zhangInside China's Automobile Factories

The Politics of Labor and Worker Resistance

By: Lu Zhang

258 pp.
$95 hardcover
2039 ebook (https://store.kobobooks.com/en-US/ebook/inside-china-s-automobile-factories)
Cambridge University Press


In Inside China's Automobile Factories, Lu Zhang explores the current conditions, subjectivity, and collective actions of autoworkers in the world's largest and fastest-growing automobile manufacturing nation. Based on years of fieldwork and extensive interviews conducted at seven large auto factories in various regions of China, Zhang provides an inside look at the daily factory life of autoworkers and a deeper understanding of the roots of rising labor unrest in the auto industry.

Combining original empirical data and sophisticated analysis that moves from the shop floor to national political economy and global industry dynamics, the book develops a multilayered framework for understanding how labor relations in the auto industry and broader social economy can be expected to develop in China in the coming decades.


Honorable Mention, 2015 Distinguished Scholarly Book Award, Section on Labor and Labor Movement, American Sociological Association

Reviews & endorsements

 "Lu Zhang's highly readable and insightful book offers a fascinating perspective on the recent wave of strikes in China's vast and growing automobile industry, drawing on extensive fieldwork in seven different auto factories. Highlighting the militancy of young, highly educated temporary auto assembly workers, who live in factory dormitories and often use social media as an organizing tool, Zhang shows how they leverage the ideological legacy of state socialism to challenge the logic of profit maximization in the world's most dynamic market economy. It is difficult to imagine a more intriguing case study of twenty-first-century labor unrest." 
Ruth Milkman, Graduate Center, City University of New York.

 Contents: http://www.amazon.com/Inside-Chinas-Automobile-Factories-Resistance/dp/1107030854?tag=duckduckgo-d-20

 Introduction: http://www.amazon.com/Inside-Chinas-Automobile-Factories-Resistance/dp/1107030854?tag=duckduckgo-d-20 

Perspectives on Work book review by Thomas Janoski: 

 Lu Zhang obtained access to the shop oor and many managers in seven automobile plants in China, resulting in a work of tremendous breadth and comparative sociology of industrial relations in China. She interviewed a total of 200 workers, forty-eight managers, and thirty party and union cadres representing about 50,000 workers from Changchun in the far north, Shanghai in the middle, and Guangzhou in the far south In the process, she gives us an invaluable view of the inner workings of auto plants under Chinese and joint American, Japanese, and German ownership. Zhang is an assistant professor of sociology at Temple University.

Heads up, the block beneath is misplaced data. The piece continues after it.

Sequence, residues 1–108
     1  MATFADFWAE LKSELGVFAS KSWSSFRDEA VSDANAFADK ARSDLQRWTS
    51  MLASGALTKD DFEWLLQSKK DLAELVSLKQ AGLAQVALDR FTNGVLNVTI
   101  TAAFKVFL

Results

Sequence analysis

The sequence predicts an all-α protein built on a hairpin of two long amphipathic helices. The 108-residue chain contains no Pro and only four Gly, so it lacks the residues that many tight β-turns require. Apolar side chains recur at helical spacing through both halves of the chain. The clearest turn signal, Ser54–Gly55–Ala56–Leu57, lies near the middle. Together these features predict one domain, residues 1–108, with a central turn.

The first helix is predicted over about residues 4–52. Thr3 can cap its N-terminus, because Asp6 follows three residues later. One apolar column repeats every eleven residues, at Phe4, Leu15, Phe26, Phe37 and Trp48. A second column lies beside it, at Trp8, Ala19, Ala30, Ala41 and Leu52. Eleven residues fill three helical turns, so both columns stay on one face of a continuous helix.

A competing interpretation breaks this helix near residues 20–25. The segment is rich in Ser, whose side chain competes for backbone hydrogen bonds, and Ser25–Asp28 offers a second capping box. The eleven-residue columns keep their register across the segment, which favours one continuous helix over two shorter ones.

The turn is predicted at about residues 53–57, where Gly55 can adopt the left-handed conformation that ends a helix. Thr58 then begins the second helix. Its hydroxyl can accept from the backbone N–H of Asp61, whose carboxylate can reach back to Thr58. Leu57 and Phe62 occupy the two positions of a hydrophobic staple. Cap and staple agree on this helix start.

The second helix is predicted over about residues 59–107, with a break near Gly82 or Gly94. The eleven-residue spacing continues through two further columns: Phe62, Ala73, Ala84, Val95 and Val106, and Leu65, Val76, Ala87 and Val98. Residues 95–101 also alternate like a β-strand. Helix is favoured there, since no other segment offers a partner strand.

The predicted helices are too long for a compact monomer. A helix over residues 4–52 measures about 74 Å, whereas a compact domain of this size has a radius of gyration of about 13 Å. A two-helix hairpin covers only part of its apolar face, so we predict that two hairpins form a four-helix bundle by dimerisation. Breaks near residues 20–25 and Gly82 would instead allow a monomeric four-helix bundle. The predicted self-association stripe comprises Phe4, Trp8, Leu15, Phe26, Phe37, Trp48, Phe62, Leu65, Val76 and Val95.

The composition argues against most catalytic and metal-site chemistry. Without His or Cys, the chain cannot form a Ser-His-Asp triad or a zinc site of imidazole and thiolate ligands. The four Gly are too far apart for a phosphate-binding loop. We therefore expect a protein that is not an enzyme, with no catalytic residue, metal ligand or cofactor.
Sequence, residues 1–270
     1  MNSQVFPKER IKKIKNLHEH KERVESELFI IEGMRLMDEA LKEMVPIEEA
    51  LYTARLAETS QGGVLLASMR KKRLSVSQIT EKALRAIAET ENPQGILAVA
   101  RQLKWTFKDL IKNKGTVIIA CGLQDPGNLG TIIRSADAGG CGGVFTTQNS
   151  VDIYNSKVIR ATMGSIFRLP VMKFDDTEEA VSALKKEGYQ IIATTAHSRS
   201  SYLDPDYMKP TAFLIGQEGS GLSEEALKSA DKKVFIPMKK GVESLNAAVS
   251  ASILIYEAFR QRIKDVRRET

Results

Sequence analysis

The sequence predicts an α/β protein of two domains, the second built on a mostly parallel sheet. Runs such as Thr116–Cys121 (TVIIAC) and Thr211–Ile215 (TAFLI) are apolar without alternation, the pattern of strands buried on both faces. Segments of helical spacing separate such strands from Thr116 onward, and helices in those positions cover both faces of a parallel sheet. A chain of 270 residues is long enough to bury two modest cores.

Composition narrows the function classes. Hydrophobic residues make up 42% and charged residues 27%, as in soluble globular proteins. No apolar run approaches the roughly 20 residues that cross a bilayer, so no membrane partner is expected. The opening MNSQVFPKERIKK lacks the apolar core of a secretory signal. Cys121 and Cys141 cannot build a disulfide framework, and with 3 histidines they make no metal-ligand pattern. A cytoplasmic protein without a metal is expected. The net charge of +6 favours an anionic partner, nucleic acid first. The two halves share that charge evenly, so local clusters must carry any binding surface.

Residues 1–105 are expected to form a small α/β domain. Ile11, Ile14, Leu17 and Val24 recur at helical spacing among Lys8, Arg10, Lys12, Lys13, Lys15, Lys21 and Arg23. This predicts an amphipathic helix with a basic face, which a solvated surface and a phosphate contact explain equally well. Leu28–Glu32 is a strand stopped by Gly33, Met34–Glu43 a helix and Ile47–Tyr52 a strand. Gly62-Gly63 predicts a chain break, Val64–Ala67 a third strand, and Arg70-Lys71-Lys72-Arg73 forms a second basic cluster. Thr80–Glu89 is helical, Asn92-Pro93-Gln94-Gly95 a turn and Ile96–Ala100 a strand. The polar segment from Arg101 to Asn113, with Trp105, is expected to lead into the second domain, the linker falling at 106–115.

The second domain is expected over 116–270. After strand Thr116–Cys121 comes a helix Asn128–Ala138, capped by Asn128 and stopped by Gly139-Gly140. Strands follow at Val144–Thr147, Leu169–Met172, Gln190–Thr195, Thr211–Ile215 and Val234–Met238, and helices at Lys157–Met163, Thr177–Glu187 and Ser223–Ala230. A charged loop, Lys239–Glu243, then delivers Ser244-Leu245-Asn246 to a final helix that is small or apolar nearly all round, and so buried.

This is notable on two counts. First, ethnographies are rarely this large in terms of interviews (i.e., 278), and second, getting inside auto or other plants in China can be quite difficult. She was able to make her rst contacts in a state-owned truck plant in her hometown by a close relative who had contacts with senior management.

From there, she gained access to other plants through a train- ing seminar on team leadership. It helped to be a native doing a dissertation at an American university because this was intriguing to workers, and that she was attached to a party-state committee connected to each venture. Such access is rarely granted to critical researchers, and the ways she negotiated it are remarkable.

The book uses theory largely based on a number of contradictions in labor politics. Though Ching Kwan Lee’s book Against the Law also covers labor conflict, Zhang argues against Lee’s focus on “cellular activism” as inherently limited in gaining larger organization due to the fear of control by the authoritarian party-state regime. Instead, she argues that grassroots actions can cause major changes at the national level even without formal organization in unions (the party- state union, the All-China Federation of Trade Unions [ACFTU] remains a state- and often rm-dominated entity). 

Unlike “cellular activism,” Zhang sees a conflict between the basic logics of profitability and legitimacy. Relying on the need for the government to maintain industrial order based on a certain amount of market free will, the state can be pressured to protect workers and increase their pay by tacitly supporting sit-down and other strikes for higher wages. A socialist legacy of protecting workers can play into this legitimacy factor, but it also helps if these companies are joint ventures with foreign ownership and investment.

This theory follows from Beverly Silver’s concept of work- place bargaining power and its relation to marketplace and structural bargaining power. This is buttressed by “the paradox of labor-force dualism” that creates a large group of temporary workers who are paid less and have little job security, which then becomes a center of discontent and even protest.